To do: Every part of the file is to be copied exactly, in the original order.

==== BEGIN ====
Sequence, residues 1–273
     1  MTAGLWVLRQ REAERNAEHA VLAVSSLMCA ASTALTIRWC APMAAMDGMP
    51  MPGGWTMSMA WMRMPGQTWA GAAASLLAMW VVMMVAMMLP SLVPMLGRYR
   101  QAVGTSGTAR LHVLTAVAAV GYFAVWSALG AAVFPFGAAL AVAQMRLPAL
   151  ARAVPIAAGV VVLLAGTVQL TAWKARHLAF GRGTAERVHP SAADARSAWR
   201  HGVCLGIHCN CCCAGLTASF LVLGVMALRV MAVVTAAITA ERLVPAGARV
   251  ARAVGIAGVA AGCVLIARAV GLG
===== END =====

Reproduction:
Sequence, residues 1–273
     1  MTAGLWVLRQ REAERNAEHA VLAVSSLMCA ASTALTIRWC APMAAMDGMP
    51  MPGGWTMSMA WMRMPGQTWA GAAASLLAMW VVMMVAMMLP SLVPMLGRYR
   101  QAVGTSGTAR LHVLTAVAAV GYFAVWSALG AAVFPFGAAL AVAQMRLPAL
   151  ARAVPIAAGV VVLLAGTVQL TAWKARHLAF GRGTAERVHP SAADARSAWR
   201  HGVCLGIHCN CCCAGLTASF LVLGVMALRV MAVVTAAITA ERLVPAGARV
   251  ARAVGIAGVA AGCVLIARAV GLG